Sunday, March 15, 2015


By Mansor Puteh

Mindgames by Yang-May Ooi, is set in Malaysia. But I am here in Malaysia and have been in most of my life.

But I can’t figure out which parts of Malaysia is the author referring to. She maybe Malaysian (I’m not sure of this) but a Chinese and residing in England.

And what is mind-boggling is how she could invent things that were not there and creating states which are not there, to push for her plot into the realm of fantasy forcing everybody with her words, and sounding unMalaysian and like someone who tries to be English or western.

What I hate the most about this novel is how far away from reality the plot and more so the locations are.

Am I the only person who has read the novel in its entirety?

This novel should rightly be set in a totally fictitious country and it would have done justice to the plot.

The characters are mostly non-Melayu living in a Malaysia which cannot exist in the way the author had described it.

And all the time I read this novel, I can’t fail to realize how unrealistic it is, the Malaysia that I know and can see even when I was reading the book.

It is closer to Singapore or Hong Kong and even Taiwan, but it cannot be Malaysia, and the novel would have become much better.

Setting it in Japan won’t be too bad.

Best of all it if it set in Chinaland, where most of the people are Chinese!

I was distracted by what I read so much so that I could hardly ever appreciate whatever that the author is trying to say.

It could even remind me of the many sci-fi novels and later films that were produced from them that had been produced by Hollywood studios in an earlier time.

And it is not even satire. It could be one. And it also did not come on as an absurdist novel. It could be one too. 

But what I was not comfortable the most is how the author was imposing herself too much and trying to impress her imaginary readers in the west by including or littering so many of the four-letter words wherever she could and also having homosexuals to spice up her plot, like it could not be created without them.

If Mindgames is a feature film it deserves an X rating and could not be shown in the cinemas in Malaysia.

I also find the characters to be too wooden and unreal for my liking.

And the sets are all too stagey, with everybody already or almost sitting and appearing like they are on a stage playing out their roles with limited movement and business or other activities.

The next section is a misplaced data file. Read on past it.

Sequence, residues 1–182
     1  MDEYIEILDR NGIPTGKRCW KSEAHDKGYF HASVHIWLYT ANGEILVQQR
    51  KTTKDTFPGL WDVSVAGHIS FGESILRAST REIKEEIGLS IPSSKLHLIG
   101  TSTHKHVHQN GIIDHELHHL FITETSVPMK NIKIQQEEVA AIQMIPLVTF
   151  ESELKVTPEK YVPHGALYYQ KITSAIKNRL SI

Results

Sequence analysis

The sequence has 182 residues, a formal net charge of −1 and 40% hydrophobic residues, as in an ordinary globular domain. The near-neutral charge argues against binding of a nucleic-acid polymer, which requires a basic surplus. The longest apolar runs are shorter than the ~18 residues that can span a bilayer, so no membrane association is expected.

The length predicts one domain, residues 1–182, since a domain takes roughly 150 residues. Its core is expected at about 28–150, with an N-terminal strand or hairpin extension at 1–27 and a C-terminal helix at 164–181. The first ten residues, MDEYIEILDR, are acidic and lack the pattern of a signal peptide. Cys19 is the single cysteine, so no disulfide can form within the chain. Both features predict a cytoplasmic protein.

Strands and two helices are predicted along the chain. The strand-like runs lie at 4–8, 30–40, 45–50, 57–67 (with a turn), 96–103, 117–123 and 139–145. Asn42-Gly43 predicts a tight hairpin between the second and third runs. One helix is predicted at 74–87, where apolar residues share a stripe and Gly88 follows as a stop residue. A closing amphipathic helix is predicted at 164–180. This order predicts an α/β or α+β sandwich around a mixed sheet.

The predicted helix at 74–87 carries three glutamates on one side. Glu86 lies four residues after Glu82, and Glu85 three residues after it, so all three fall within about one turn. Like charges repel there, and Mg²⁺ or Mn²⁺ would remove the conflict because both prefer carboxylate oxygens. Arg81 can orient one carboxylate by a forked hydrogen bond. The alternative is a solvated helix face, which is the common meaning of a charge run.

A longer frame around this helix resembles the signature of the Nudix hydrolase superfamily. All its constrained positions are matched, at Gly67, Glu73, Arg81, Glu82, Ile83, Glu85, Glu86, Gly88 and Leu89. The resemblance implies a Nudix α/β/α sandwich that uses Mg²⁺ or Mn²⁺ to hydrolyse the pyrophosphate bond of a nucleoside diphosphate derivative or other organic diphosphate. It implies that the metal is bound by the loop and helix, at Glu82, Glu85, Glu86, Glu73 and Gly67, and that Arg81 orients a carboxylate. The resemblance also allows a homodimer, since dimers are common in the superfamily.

Character development is lacking as much as scene development. And no one knows how the Center could have been established in Malaysia without anyone realizing its presence and why Malaysia was chosen over the other countries especially Singapore or the Philippines or Thailand where the security breach if it happens can be allowed to happen.

But not so in Malaysia especially if the Center is operated by some English persons with Chinese collaborators.

And there is also a severe lacking in details of the local scenes and features, so a Malaysian reading the novel can appreciate them, to know that the author is talking about the place and time that the reader who is Malaysian and in the country called Malaysia can also agree to and to take the Malaysian reader along.

But this did not happen.

I was lost in the space and time that the author had tried to create with no historical, cultural and social as well as religious perspectives that I can relate to.

Kuala Lumpur the capital city of the country is not given due recognition in the novel; it is not described well except for it to be as the confluence of two rivers, which the author had also failed to mention – the Gombak and Kelang Rivers, where Masjid Jamek, the first mosque in the city was built and where it still sits.  

And that bothered me a lot as much as the many four-letter words that are littered everywhere and the description of sexual encounters, especially those between women. 

It is a fat book no doubt and I like fat books…but the color of the pages had turned brown in the copy I have which I bought at the bookstore long ago but had neglected to pick up to read until recently.

The one thing that also bothered me when I was reading the novel is how the author drummed what she wanted into the readers without ever allowing them to decide for themselves what they are reading and who the persons in the story are; everything is drummed into them and all the characters appear to be what the author wants.

This is not fair to the readers who can make that sort of decision for themselves.

If this had been done and if the author had used a different way of telling a story and especially to describe the characters to build them, then surely, the novel could be less trite to read and to comprehend what caused the characters in it to act in the way they did so that one can feel like they are in full control of themselves and not guided by the author-goddess.

The ending is reminiscent of some early Hollywood action films copied also by those produced in Hong Kong and by Bollywood even to this day.

What it means is that it is not original. It could succeed if it is meant to be a satire. But it wasn’t.

The news reporting style used by the author is what is coming in the way for the readers other than what has been described above.  

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